Presumably the hope is that these measures will make the regime collapse. However, the strategy is flawed because it seems to be based on a number of seemingly misunderstood realities of the situation on the ground. It ignores the facts that:
(a) Nicolas Maduro and his cronies are never going to give power to the Venezuelan opposition, unless they are forced to do so.
(b) The Venezuelan military are never going to abandon the chavista regime, unless they are forced to do so and
(c) The Venezuelan military (and other government institutions) is said to be infiltrated by the Cuban military and intelligence services (which re-enforces “b”).
The plan is also inconsistent with some lessons from history. Firstly, when the U.S. and its partners reason that non-recognition will lead to a collapse of the chavista regime, they forget that this has been tried before, without success: i.e. U.S. President Woodrow Wilson refused to recognise the Soviet Union (in its various guises) and its Bolshevik government in the hope that non-recognition coupled with Allied military interventions, would cause it to collapse under its own weight. The Soviet Union was in effect a pariah state for many years, recognised by none of the major world powers of the time (it took the U.S. sixteen years to establish diplomatic relations) and yet, it did not collapse. The chavistas are in a much better position to overcome isolation than the Bolsheviks in the early 1900s, because Maduro and his cronies are recognised as Venezuela’s legitimate government by two of the world’s superpowers (China and Russia) and many second-rate powers and client states. The recent shenanigans at the UN Security Council are a case in point. Secondly, when the U.S. and its partners reason that choking Venezuela economically will lead to a collapse of the chavista regime, they also forget that this has been tried before, without success: U.S. President D.W. Eisenhower placed an economic embargo on Cuba in the early 1960s in the hope that this would crush the island’s economy and lead to a collapse of the Castro government. Despite lacking in resources the regime did not collapse, because of economic support from the Soviet Union. The chavistas are in a much better position to overcome economic strangulation than Fidel Castro was, because Nicolas Maduro and his cronies have the economic backing of both Russia and China; but more importantly, because unlike Cuba, they have access to vast resources (see later).
So the only question that seems to matter is whether military intervention is necessary or indeed essential. I don’t have an answer to such a difficult question but what is true, is that most U.S. partners in Europe and Latin American are not in favour of it. It has been said that nations do not send troops unless their vital interests are seriously threatened but this is one of the main ironies of the Venezuelan debacle: Do Brazil’s Bolsonaro and Argentina’s Macri and Colombia’s Duque and Peru’s Vizcarra and Ecuador’s Moreno and Uruguay’s Vazquez and Mexico’s Lopez Obrador and the rest of Latin Americas’ leaders not realise that the biggest threat to their democracies is the very same chavista regime which they often de facto side with, when they stand against the United States on questions pertaining to Venezuela? And the same goes for democracies and their leaders beyond Latin American borders, because if oil is the nourishment that sustains the revolution at home, it is also the catalyst through which it stimulates instability overseas; instability that creates the ecosystems that breed the international partners, advocates and client states which are absolutely essential for the regime’s long term survival. This is precisely what we saw from Cuba during the 60s and 70s and from Venezuela in the last twenty years – Equatorial Guinea’s recent UN Security Council voting in favour of resolutions supporting Venezuela and its authoritarian regime (a country with which it has no cultural or historical ties and with which, until recently, it had no relationship whatsoever) may just be the latest example of this. And if Washington and its partners were concerned when (despite the embargo) Cuba started exporting its Marxist revolution across the continent (and beyond its borders), they would do well to remember that Venezuela is like Cuba on steroids, because the chavistas control the largest proven oil reserves on the planet: i.e. Venezuela has nearly as much oil under ground as the United States, Canada and Russia combined (it also has the seventh largest gas reserves in the world and many other mineral resources). So Maduro and his cronies have enough oil to continue exporting their revolution for nearly 500 years!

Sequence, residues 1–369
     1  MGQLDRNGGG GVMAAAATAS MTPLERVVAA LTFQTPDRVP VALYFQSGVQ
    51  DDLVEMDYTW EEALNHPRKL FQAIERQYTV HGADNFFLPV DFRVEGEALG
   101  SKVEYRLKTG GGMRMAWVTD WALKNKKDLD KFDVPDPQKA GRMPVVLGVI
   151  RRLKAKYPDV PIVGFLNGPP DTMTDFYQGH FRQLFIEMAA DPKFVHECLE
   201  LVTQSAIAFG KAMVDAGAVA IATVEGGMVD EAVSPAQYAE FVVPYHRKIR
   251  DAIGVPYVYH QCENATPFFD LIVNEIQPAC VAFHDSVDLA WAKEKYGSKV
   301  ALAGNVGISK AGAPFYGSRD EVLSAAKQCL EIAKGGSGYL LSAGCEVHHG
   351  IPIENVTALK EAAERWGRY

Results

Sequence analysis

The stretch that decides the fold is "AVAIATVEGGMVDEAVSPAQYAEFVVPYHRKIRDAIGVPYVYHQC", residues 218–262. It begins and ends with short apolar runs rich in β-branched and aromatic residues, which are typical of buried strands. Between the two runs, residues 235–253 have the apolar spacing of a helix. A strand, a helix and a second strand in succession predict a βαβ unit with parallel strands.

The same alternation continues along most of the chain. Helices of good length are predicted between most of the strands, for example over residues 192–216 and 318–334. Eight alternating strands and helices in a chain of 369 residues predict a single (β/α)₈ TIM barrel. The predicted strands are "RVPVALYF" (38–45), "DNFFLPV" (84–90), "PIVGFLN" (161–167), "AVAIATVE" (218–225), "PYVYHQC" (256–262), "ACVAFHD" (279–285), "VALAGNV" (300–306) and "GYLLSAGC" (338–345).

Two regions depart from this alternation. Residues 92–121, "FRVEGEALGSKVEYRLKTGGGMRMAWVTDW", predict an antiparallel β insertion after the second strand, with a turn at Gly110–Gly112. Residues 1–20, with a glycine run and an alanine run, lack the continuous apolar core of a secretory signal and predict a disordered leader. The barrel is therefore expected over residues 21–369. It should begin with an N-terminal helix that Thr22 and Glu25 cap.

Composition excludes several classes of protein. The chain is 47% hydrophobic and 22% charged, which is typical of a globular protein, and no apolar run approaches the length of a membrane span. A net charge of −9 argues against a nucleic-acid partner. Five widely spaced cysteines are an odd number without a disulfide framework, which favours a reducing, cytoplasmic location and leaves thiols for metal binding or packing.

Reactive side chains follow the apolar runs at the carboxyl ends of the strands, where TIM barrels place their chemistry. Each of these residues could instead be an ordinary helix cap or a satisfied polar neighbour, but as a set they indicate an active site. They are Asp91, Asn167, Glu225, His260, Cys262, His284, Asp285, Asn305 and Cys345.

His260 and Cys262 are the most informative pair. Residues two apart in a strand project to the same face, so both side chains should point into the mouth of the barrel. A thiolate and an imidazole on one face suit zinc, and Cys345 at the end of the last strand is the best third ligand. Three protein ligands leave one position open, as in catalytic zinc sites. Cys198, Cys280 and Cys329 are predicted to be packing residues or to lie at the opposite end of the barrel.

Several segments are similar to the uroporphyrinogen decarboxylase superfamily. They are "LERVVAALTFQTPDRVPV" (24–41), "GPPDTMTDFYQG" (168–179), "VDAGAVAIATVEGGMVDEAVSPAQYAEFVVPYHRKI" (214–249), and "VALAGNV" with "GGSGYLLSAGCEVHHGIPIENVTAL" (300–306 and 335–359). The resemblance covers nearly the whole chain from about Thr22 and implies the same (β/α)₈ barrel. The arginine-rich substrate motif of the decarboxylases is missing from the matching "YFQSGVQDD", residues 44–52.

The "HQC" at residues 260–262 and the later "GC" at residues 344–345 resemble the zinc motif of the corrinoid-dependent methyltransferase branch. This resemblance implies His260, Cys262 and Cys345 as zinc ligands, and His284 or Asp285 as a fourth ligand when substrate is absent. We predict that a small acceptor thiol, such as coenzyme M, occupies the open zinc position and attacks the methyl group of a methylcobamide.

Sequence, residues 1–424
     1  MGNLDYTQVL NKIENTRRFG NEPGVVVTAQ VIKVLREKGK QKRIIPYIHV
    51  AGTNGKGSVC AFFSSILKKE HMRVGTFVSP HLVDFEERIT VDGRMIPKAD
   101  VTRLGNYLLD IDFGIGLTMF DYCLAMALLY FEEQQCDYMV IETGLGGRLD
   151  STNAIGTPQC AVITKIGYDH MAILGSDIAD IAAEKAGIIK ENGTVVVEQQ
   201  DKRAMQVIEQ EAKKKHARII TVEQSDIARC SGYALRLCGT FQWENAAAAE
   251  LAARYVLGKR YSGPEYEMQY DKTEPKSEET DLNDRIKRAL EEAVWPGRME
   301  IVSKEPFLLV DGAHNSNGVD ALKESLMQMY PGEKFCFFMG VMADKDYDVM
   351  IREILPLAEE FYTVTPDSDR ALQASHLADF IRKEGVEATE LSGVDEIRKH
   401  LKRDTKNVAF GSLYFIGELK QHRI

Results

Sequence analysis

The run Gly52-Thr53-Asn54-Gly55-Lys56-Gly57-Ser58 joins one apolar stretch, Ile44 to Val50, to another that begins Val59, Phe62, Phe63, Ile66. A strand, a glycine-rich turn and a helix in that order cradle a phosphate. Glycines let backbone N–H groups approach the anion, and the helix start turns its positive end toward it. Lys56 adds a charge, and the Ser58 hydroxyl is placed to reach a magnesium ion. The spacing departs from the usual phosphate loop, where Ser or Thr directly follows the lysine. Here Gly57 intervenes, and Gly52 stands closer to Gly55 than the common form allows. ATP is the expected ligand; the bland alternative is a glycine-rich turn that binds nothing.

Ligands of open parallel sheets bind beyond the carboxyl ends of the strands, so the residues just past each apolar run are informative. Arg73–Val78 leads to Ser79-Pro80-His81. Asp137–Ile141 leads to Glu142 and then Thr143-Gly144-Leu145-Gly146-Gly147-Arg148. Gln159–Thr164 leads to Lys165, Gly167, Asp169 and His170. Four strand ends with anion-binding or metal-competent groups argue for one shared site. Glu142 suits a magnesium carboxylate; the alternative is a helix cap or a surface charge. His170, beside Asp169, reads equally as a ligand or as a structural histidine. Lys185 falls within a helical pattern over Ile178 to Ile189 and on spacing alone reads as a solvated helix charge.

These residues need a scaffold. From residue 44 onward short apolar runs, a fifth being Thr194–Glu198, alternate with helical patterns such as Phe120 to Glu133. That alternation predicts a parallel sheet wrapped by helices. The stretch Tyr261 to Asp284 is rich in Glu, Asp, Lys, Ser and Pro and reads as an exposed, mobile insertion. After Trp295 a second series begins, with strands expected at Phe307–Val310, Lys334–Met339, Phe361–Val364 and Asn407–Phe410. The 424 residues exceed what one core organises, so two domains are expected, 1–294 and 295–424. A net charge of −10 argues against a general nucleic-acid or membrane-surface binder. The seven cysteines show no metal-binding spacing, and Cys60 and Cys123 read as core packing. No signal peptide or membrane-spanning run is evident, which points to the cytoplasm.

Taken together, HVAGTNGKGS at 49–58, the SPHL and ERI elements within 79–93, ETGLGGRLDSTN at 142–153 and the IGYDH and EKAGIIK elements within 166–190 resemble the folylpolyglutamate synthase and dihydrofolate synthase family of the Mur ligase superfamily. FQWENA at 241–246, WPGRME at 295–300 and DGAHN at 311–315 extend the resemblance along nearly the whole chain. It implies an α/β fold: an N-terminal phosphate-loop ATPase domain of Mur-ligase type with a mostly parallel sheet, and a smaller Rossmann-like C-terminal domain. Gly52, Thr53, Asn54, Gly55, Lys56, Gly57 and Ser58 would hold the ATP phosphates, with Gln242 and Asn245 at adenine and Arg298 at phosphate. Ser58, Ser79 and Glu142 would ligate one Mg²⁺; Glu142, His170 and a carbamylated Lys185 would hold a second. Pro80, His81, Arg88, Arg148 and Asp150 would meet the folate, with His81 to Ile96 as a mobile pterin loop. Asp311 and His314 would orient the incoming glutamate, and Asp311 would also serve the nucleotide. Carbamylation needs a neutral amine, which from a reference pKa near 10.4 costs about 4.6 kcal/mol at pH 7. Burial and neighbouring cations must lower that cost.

29 March 2019
 In an FST mice are dropped in a glass tube or container filled with water. As the walls of the container are slippery, the mice cannot escape but they struggle on until exhaustion. They then give up and eventually drown. The average time it takes for the mice to stop struggling is noted. You then take another group of mice and repeat the experiment. But this time you fish the mice out of the container just before they give up. You dry, feed and give them some rest before dropping them back in. This second time the mice will struggle on for much longer than in the original control experiment. This is because of their memory of the previous experience (i.e. the struggle was indeed followed by relief) and illustrates the important power of hope! https://www.ncbi.nlm.nih.gov/pubmed/22555240
 See George C. Herring, From Colony to Superpower
 (Using 2016-17 data).